Herbst asks for committee to explore effects of Trump travel ban


Susan Herbst announced she would advocate for a committee that explores how President Trump’s ban on immigration will affect UConn students and faculty. (File photo/The Daily Campus)

The University of Connecticut’s President announced Saturday night that she advocated for the creation a committee exploring how UConn students and faculty will be affected by President Donald Trump’s temporary bar on immigration from seven predominantly Muslim countries.

“Following Friday’s executive order, I have asked our Vice President for Global Affairs, Daniel Weiner, to assemble a working group to determine what the implications of this order are for our international students and faculty, and offer them as much information and guidance as we are able to during this uncertain time,” UConn President Susan Herbst wrote in an email sent to the student body.

UConn’s international students represent 109 countries, Herbst wrote. UConn has over 1,400 undergraduate international students and about a quarter of its graduate students are international students. UConn has faculty members from other nations and is always hosting visiting scholars.

The executive order (https://www.whitehouse.gov/the-press-office/2017/01/25/executive-order-border-security-and-immigration-enforcement-improvements) suspends refugee admissions to the United States for 120 days and prevents citizens from Iran, Iraq, Libya, Somalia, Sudan, Syria and Yemen from entering the U.S. for 90 days.

The order kicked off a tumultuous weekend of protests and lawsuits. A Brooklyn judge issued an injunction Saturday night barring officials from deporting those who were detained. Sunday morning the Secretary of the Department of Homeland Security announced that people from the seven countries with valid U.S. green cards would not be prevented from reentering the U.S.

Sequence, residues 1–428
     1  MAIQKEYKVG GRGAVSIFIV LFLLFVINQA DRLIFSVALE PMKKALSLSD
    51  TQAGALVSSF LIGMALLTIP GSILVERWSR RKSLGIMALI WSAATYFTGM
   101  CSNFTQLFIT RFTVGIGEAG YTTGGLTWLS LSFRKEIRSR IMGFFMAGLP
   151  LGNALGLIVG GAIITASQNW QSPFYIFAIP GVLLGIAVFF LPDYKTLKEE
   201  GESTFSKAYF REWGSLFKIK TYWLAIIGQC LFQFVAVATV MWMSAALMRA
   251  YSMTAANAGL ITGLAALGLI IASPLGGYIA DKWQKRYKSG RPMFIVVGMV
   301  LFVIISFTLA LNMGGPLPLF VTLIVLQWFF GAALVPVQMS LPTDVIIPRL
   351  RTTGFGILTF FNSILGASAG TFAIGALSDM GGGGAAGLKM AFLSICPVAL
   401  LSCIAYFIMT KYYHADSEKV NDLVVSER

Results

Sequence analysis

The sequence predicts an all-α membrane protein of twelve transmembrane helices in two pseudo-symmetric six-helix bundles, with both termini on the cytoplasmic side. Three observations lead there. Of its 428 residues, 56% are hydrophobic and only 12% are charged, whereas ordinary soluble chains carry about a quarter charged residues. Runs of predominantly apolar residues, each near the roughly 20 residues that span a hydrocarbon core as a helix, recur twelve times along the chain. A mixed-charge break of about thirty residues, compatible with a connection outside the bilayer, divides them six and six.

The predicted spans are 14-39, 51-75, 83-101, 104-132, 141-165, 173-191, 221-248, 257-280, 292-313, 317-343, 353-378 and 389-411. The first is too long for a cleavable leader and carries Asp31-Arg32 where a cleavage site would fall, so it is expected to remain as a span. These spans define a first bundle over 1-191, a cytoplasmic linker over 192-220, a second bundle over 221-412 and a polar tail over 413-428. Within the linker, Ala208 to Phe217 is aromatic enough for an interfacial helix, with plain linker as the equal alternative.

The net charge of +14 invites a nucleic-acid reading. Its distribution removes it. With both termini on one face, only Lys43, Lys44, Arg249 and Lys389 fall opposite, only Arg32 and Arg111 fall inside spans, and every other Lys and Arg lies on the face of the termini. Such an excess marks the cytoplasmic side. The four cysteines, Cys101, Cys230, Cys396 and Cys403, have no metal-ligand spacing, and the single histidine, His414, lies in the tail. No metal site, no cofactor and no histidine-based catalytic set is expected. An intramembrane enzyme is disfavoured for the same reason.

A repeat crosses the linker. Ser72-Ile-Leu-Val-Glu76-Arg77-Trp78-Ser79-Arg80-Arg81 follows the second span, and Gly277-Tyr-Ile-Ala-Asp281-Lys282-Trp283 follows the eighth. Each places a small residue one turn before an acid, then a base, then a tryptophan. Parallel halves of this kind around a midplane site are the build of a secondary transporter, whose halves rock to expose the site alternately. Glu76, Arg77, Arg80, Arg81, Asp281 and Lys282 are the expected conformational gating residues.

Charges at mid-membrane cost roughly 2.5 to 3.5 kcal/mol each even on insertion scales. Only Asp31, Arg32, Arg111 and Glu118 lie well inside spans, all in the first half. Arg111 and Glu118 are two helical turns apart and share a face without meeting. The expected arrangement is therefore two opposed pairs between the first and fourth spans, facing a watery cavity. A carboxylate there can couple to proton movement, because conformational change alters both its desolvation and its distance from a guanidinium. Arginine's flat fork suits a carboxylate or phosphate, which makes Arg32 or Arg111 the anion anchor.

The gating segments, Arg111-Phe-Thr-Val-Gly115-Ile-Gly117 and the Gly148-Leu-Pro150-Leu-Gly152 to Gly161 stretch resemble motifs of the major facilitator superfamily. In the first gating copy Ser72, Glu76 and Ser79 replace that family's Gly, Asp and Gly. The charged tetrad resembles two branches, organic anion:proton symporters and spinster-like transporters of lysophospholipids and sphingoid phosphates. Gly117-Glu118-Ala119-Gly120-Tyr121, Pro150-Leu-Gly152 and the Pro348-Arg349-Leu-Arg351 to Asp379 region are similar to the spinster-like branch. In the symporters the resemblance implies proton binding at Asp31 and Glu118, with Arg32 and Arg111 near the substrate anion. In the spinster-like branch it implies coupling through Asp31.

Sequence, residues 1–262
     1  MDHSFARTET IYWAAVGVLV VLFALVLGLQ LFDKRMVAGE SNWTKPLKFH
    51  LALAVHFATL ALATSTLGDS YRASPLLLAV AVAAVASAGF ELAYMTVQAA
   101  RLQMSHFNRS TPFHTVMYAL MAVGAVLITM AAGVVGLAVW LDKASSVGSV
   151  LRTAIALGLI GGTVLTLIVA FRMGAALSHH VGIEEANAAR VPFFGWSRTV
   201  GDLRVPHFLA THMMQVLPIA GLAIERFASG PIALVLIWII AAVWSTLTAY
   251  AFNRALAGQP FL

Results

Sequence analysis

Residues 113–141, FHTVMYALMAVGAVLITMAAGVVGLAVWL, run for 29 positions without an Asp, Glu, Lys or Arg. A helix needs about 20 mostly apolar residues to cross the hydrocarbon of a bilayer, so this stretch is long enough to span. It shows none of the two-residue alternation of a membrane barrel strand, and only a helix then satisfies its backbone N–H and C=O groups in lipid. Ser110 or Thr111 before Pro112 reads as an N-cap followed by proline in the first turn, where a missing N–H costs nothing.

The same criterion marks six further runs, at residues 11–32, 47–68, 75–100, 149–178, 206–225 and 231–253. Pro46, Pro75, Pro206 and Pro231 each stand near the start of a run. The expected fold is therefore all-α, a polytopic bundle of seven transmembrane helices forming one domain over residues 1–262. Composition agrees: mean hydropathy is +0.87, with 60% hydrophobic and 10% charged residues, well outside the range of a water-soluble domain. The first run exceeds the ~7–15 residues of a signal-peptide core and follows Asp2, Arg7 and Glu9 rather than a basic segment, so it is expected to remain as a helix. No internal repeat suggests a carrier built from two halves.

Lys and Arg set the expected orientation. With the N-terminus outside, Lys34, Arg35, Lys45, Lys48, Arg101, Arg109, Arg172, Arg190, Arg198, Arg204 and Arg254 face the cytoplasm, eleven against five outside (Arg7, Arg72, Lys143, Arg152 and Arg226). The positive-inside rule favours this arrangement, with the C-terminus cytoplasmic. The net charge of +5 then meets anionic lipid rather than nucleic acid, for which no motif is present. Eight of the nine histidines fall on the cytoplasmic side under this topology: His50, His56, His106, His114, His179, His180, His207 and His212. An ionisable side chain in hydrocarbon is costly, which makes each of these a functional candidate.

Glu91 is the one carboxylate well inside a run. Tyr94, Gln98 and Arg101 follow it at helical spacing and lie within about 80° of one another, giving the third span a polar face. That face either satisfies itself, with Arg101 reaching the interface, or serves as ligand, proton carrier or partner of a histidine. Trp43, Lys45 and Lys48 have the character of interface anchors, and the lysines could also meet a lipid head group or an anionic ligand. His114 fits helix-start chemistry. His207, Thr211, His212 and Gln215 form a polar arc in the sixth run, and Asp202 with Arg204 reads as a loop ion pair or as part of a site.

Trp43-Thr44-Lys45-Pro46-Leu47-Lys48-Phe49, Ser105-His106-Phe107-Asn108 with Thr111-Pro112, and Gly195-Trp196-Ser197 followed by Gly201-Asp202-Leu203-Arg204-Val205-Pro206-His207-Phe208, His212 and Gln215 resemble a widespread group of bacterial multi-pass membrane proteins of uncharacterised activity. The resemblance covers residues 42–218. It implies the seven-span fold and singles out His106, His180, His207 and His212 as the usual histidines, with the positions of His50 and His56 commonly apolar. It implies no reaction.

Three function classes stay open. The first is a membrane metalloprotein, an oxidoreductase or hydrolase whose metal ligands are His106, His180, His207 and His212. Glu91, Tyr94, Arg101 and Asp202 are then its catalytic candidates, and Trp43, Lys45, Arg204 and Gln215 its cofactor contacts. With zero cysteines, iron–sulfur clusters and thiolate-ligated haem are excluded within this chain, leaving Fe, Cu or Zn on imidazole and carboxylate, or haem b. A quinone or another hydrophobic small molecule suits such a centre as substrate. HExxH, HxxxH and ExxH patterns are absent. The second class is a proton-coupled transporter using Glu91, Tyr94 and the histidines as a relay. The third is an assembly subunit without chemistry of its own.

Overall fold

Trump issued a statement late Sunday in defense of the order, stating that the seven affected countries were those previously identified by the Obama administration as sources of terror.

“To be clear, this is not a Muslim ban, as the media is falsely reporting,” the statement said. “This is not about religion—this is about terror and keeping our country safe.”

The order took criticism from prominent Democrats and Republicans, including Sen. John McCain and Sen. Lindsey Graham. Senate Minority Leader Chuck Schumer (D-NY) called the order “mean-spirited” and “un-American.”

In an email to UConn’s School of Engineering, the school’s dean Kazem Kazerounian said UConn was committed to diversity and offered to support affected students through difficult times.

“To the best of my knowledge, the recent executive order closing the nation’s borders to citizens of certain countries has not directly affected any of you.  However, it impacts our entire community in very real ways,” Kazerounian wrote. “Many of our faculty and graduate students are the best and brightest from Asia, the Middle East, Africa, Europe, and Americas, including from areas subject to the visa bans.  As President Herbst wrote in her message to the university community, this diversity has made us the superb school we are.”

Christopher McDermott is the news editor for The Daily Campus. He can be reached via email at christopher.mcdermott@uconn.edu.

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